Tag Archives: journal

It’s your life

Do you remember the Nike ads from the 80’s?

You can see why I love this one!  YES!!!

I have many saved in my “journal/scrapbook/collection of all things” from when I was a teenager.  I used to pour over magazines and rip out what I thought was inspiring or pretty or interesting and I’d put it all together in these big art books.  I still have them and Nike ads are pouring out of them. 

The ads are about much more than working out.  They are about embracing life and pursuing your dreams and celebrating yourself.  They challenge us to get up off the couch and create the life we want. 

Not your life according to other people, your life according to you.

Not the life we inherited, the life we want. 

Not the life I give in and settle for, the life I fight for, the life I create because I want it and because I can and because I refuse to settle.

 Here’s a recent posting I saw on the internet.

I remember seeing a sign when I was younger that said, “Be patient with me.  God isn’t finished with me yet.”  I believe that is still true.  God isn’t finished with me yet.  Or you.  Or any of us. 

Go ahead, get out there, do it.  Your life is waiting…start creating.

 
©2012 Sue Bidstrup, Great Big Yes™ All Rights Reserved
Print advertising by Nike. 
Picture of the 2 women: outsidebeautyinsidehealth.blogspot.com

Write it down

On this day, June 14th, in 1942, Anne Frank began to keep her diary.  It was one month before she and her family went into hiding. 

“The best remedy for those who are afraid, lonely or unhappy is to go outside, somewhere where they can be quite alone with the heavens, nature and God. Because only then does one feel that all is as it should be and that God wishes to see people happy, amidst the simple beauty of nature. As longs as this exists, and it certainly always will, I know that then there will always be comfort for every sorrow, whatever the circumstances may be. And I firmly believe that nature brings solace in all troubles.”    -Anne Frank

Do you keep a diary? 

Maybe you call it a gratitude journal.  Maybe it’s a blog.  Maybe it’s notes by the side of the bed that you scribble in the night.  Maybe it’s the words you write next to the pictures in the scrapbook you are making for your family.  Maybe you enter thoughts into your Blackberry or iphone.  How do you tell your story?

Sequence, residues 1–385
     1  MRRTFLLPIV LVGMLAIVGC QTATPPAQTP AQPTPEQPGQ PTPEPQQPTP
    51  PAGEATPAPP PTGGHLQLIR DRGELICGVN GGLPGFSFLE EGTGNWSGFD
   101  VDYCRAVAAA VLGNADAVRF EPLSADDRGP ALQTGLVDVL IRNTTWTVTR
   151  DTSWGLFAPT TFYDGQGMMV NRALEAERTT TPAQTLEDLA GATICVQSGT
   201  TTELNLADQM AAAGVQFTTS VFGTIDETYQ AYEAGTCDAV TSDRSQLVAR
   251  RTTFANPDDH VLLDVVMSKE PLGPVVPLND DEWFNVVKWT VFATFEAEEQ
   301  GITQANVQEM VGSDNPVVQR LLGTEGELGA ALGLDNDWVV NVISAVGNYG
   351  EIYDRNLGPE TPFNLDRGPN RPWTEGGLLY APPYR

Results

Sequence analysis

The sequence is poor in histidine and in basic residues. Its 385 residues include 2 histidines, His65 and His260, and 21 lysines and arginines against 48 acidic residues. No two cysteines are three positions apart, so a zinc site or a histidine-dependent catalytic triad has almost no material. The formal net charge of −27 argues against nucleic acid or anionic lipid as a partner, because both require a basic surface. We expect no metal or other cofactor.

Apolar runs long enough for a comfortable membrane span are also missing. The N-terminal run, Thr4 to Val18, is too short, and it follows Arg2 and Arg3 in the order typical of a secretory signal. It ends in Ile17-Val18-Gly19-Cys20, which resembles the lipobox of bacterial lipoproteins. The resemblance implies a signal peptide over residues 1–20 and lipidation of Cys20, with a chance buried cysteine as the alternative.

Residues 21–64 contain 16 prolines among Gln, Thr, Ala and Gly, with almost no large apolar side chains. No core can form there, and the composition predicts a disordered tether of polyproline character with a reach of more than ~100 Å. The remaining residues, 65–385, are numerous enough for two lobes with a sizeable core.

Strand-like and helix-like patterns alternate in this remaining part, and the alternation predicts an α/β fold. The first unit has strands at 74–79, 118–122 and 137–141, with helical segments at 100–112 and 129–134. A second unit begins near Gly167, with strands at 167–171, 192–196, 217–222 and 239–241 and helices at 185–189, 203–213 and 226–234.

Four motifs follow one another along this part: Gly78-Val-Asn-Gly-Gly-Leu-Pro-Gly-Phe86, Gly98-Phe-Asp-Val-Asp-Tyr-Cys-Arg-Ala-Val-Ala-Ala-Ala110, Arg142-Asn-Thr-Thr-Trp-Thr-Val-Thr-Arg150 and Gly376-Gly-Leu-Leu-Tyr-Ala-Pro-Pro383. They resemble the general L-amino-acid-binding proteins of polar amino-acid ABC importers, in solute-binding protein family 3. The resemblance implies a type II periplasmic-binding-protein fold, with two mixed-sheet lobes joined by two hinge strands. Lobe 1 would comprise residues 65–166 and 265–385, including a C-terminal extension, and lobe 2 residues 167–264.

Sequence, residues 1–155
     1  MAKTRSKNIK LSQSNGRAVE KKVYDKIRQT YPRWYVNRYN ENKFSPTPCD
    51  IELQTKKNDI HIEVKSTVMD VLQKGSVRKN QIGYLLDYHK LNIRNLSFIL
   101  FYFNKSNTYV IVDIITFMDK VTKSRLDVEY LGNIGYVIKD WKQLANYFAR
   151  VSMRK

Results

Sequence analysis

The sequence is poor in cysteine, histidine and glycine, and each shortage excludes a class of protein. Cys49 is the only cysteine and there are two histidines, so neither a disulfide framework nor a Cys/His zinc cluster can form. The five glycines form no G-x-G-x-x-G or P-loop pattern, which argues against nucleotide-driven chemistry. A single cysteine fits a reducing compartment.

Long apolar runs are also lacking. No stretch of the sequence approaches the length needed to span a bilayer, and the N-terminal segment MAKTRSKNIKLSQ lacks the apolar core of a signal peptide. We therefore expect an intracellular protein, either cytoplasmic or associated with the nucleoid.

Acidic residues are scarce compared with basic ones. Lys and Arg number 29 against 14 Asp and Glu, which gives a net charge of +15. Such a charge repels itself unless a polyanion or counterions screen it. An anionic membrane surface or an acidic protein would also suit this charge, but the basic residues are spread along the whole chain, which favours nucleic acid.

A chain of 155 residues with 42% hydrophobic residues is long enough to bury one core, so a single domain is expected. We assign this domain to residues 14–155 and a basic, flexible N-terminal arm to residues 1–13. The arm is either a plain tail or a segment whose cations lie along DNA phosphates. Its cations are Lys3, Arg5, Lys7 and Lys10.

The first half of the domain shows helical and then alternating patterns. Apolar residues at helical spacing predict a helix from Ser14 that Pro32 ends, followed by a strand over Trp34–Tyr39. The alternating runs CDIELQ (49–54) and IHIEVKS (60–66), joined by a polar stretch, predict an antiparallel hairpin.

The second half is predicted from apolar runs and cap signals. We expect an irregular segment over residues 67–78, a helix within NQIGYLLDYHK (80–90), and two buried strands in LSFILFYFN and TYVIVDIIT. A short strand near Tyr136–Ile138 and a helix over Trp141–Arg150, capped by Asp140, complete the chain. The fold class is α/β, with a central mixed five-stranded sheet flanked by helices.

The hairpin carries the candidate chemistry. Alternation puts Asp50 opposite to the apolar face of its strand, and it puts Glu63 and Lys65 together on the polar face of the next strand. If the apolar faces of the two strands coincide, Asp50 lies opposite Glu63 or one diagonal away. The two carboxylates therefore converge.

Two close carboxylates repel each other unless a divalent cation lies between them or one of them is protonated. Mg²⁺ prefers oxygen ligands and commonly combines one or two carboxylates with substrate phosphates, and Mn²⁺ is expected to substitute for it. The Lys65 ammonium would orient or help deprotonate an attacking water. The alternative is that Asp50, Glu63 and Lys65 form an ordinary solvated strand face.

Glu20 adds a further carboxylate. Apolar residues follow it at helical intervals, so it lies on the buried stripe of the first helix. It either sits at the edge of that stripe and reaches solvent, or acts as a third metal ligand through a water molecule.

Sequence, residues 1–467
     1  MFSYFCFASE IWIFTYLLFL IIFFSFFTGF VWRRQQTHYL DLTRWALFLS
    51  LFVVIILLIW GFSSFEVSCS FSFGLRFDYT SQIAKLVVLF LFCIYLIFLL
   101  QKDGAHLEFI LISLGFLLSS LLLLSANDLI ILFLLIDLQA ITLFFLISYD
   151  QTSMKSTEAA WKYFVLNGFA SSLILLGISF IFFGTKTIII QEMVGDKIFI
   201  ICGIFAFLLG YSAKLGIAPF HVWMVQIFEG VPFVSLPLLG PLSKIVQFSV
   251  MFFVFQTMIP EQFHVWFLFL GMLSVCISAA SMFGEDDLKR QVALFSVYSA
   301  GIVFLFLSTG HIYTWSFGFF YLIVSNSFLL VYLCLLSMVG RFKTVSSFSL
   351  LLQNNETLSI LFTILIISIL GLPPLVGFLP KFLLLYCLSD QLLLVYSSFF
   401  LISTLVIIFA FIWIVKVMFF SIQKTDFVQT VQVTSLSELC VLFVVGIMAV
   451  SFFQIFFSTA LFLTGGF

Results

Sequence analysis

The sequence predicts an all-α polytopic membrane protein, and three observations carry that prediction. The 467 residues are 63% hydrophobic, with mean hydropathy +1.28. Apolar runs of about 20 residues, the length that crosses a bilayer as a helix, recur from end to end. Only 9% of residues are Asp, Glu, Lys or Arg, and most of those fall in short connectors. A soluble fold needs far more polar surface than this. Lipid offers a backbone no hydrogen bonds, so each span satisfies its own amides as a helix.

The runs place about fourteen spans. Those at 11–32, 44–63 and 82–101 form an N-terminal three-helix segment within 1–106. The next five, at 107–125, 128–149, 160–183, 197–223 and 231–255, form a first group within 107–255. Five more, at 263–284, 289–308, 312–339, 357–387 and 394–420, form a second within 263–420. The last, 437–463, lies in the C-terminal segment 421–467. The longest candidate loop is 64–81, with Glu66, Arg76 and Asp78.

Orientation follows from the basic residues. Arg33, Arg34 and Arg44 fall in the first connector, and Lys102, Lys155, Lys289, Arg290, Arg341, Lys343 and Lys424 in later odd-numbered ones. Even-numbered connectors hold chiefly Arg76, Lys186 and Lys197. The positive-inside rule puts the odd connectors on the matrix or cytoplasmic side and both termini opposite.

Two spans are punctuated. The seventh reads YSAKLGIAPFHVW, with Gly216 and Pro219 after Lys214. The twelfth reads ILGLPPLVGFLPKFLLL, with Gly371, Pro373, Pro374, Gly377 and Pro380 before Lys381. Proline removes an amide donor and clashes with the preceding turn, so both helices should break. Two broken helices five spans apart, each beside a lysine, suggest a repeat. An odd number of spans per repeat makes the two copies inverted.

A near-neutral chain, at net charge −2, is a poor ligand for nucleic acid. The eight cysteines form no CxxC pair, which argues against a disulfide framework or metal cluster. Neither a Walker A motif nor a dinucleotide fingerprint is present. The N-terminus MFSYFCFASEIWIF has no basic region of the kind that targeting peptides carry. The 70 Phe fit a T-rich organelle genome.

Your story is important.  Your voice is unique.  Your thoughts are original.  Do you think Jeff Kinney would have imagined that his childhood memories would one day become the “Diary of a Wimpy Kid” sensation?  His original thoughts also help link us to our universal truths and our shared experiences.  His memories make us laugh. 

Is your story funny? Serious? Thought provoking?  A cautionary tale?  All of the above?If you don’t write it down, how is anyone going to know? 

I realize you can tell people what you think.  You can share your experiences verbally. But when you write it down, it’s forever.  I know that I can tell my kids something and if they are not ready to hear it, it goes in one ear and out the other.  But they may be ready to hear it 10 years later.  If there is a written record of my thoughts, they can return to it. 

I have some of my mom’s old books and she has written in the margins, underlined things, and dog eared pages that were important to her.  She has always given me books as gifts and she writes beautiful notes in them.  These are treasures to me.  I am lucky to have my mom’s thoughts and dreams and wishes written down to continually inspire me.

Where would we be without the ideas and poetry and stories of people who have gone before us?  We all have something important to say.   The words you write down may be the words that give another person hope.  Maybe even almost 70 years later as is the case with Anne Frank.   Considering her circumstances, these words just take my breath away.

“It’s a wonder I haven’t abandoned all my ideals, they seem so absurd and impractical. Yet I cling to them because I still believe, in spite of everything, that people are truly good at heart.”    -Anne Frank

  

©2011 Sue Bidstrup, Great Big Yes™ All Rights Reserved